Sauber’s Wehrlein rules himself out, Giovinazzi to sub at Australian GP

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After Friday’s practice sessions and after having been originally cleared to race for the Australian Grand Prix, it has been determined that Sauber F1 Team’s Pascal Wehrlein will not be able to continue in the rest of the weekend. He opted to rule himself out due to his fitness level.

“My fitness level is not as it should be for a full race distance because of my training deficit. I explained the situation to the team yesterday evening. Therefore, the Sauber F1 Team has decided not to take any risks. It is a pity, but the best decision for the team,” Wehrlein said in a release.

Wehrlein missed the opening test at Barcelona before resuming for the second test. He’d had a back injury sustained in an accident at the Race of Champions event in Miami in January.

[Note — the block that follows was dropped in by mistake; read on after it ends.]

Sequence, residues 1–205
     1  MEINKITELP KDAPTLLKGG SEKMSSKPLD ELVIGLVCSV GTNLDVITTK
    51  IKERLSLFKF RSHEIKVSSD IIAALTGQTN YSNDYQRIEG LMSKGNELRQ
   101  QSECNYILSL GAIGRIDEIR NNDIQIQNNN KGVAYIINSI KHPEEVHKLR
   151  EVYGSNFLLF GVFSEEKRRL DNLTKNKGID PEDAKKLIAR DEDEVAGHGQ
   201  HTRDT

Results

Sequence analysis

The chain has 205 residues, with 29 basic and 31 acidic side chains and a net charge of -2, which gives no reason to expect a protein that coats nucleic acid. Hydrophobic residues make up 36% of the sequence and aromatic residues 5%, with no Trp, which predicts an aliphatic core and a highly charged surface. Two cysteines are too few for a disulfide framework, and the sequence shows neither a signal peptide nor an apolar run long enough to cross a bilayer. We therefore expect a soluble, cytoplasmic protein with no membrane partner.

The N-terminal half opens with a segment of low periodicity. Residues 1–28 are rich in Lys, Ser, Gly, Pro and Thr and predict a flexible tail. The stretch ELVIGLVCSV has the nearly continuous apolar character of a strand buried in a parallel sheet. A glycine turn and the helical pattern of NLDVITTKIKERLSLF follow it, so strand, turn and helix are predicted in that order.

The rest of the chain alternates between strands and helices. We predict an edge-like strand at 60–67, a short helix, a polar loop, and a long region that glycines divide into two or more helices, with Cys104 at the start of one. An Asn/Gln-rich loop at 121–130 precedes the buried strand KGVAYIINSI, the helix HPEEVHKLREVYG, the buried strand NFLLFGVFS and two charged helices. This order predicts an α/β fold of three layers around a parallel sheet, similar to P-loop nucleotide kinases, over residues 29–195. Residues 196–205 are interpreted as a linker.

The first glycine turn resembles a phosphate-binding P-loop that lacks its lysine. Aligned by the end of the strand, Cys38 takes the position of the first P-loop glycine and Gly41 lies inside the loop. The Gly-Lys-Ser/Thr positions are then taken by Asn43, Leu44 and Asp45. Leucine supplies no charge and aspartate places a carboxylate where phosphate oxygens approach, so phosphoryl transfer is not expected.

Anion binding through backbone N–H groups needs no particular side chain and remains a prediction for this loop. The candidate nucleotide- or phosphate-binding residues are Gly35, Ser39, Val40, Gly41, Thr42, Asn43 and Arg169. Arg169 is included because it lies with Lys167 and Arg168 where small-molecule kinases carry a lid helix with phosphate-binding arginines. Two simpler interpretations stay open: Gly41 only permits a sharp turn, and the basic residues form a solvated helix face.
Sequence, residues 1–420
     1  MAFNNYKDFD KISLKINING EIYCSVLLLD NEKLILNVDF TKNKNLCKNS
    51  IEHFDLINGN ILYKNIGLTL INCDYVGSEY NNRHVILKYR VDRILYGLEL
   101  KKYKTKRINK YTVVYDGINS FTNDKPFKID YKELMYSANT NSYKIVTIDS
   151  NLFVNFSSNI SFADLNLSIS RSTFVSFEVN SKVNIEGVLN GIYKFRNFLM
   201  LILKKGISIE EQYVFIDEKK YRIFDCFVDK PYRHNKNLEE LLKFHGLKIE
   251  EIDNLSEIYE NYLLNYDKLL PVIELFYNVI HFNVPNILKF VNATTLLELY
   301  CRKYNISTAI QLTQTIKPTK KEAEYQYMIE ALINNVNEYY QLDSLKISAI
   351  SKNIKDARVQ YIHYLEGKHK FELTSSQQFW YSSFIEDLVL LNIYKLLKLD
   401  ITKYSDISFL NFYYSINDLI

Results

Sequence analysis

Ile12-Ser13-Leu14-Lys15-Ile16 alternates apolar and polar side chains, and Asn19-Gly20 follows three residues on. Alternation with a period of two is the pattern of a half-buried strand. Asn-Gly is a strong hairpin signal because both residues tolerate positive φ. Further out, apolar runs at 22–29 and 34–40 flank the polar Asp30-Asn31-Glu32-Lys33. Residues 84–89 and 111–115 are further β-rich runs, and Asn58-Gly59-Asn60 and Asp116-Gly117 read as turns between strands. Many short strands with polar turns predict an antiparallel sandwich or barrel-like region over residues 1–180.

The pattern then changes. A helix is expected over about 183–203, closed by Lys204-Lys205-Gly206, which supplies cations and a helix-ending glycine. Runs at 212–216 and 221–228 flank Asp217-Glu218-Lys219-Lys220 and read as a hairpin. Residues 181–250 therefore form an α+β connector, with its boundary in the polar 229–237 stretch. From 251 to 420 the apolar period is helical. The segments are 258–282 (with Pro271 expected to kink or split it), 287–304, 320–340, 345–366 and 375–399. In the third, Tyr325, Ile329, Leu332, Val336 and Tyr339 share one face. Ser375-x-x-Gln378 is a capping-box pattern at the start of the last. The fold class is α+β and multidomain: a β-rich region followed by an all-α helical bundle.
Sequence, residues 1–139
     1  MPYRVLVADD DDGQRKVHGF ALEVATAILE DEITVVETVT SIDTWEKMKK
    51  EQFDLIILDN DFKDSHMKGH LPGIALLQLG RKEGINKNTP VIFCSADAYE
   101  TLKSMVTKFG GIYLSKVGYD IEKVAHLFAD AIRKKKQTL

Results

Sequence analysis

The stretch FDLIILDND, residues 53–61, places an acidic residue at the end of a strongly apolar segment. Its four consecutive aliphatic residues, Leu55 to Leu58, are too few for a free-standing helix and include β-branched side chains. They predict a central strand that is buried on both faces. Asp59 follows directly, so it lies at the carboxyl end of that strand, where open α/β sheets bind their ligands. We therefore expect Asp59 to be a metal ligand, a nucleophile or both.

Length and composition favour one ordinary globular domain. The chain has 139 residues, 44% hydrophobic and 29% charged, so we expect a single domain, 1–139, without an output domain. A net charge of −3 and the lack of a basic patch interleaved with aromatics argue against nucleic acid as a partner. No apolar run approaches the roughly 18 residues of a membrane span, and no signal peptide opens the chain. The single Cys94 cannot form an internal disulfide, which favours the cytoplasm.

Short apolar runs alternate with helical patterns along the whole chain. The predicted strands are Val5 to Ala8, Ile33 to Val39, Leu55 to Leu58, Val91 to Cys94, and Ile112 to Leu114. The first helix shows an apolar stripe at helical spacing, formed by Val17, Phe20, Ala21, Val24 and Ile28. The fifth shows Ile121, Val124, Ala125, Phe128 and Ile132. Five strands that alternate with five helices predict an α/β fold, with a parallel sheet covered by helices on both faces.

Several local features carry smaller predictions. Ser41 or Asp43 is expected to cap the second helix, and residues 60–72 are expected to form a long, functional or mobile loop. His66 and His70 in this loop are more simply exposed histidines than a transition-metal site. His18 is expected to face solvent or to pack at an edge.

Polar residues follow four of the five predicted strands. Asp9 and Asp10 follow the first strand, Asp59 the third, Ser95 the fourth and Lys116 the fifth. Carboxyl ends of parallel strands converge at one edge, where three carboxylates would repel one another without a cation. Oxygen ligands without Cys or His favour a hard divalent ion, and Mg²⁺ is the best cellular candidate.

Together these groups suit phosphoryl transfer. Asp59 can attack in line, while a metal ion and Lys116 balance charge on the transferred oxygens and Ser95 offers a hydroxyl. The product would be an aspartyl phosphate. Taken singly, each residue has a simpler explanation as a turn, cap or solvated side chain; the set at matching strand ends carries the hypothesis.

As for that opening test, Antonio Giovinazzi, the Italian Ferrari reserve driver, will fill in for the German. This was meant to be Wehrlein’s first race with Sauber; instead, it will be Giovinazzi’s Grand Prix debut.

“We have great respect of Pascal’s openness and professionalism. This decision was definitely not an easy one for him, it underlines his qualities as a team player. The focus is now on his fitness level, and in such a situation we do not take any unnecessary risks. Pascal will be in China as planned,” team principal Monisha Kaltenborn added.

This isn’t the first injury fill-in to race in F1 in recent years; twice, Fernando Alonso has missed a race each of the last two years.

After a testing crash at Barcelona in 2015, Kevin Magnussen filled in in Alonso’s McLaren Honda, although was unable to start the race with a mechanical before the lights even went out. Meanwhile Alonso missed last year’s Bahrain Grand Prix after his accident at Melbourne, which opened the door for Stoffel Vandoorne to make his debut, and the Belgian promptly scored a point.

Giovinazzi has no prior experience at the Albert Park circuit and so will have to learn the track during FP3, which runs at 11 p.m. ET on the NBC Sports App. Qualifying takes place at 2 a.m. ET on NBCSN.

Here’s pics and notes from NBCSN pit reporter and insider Will Buxton, who is on the ground in Melbourne: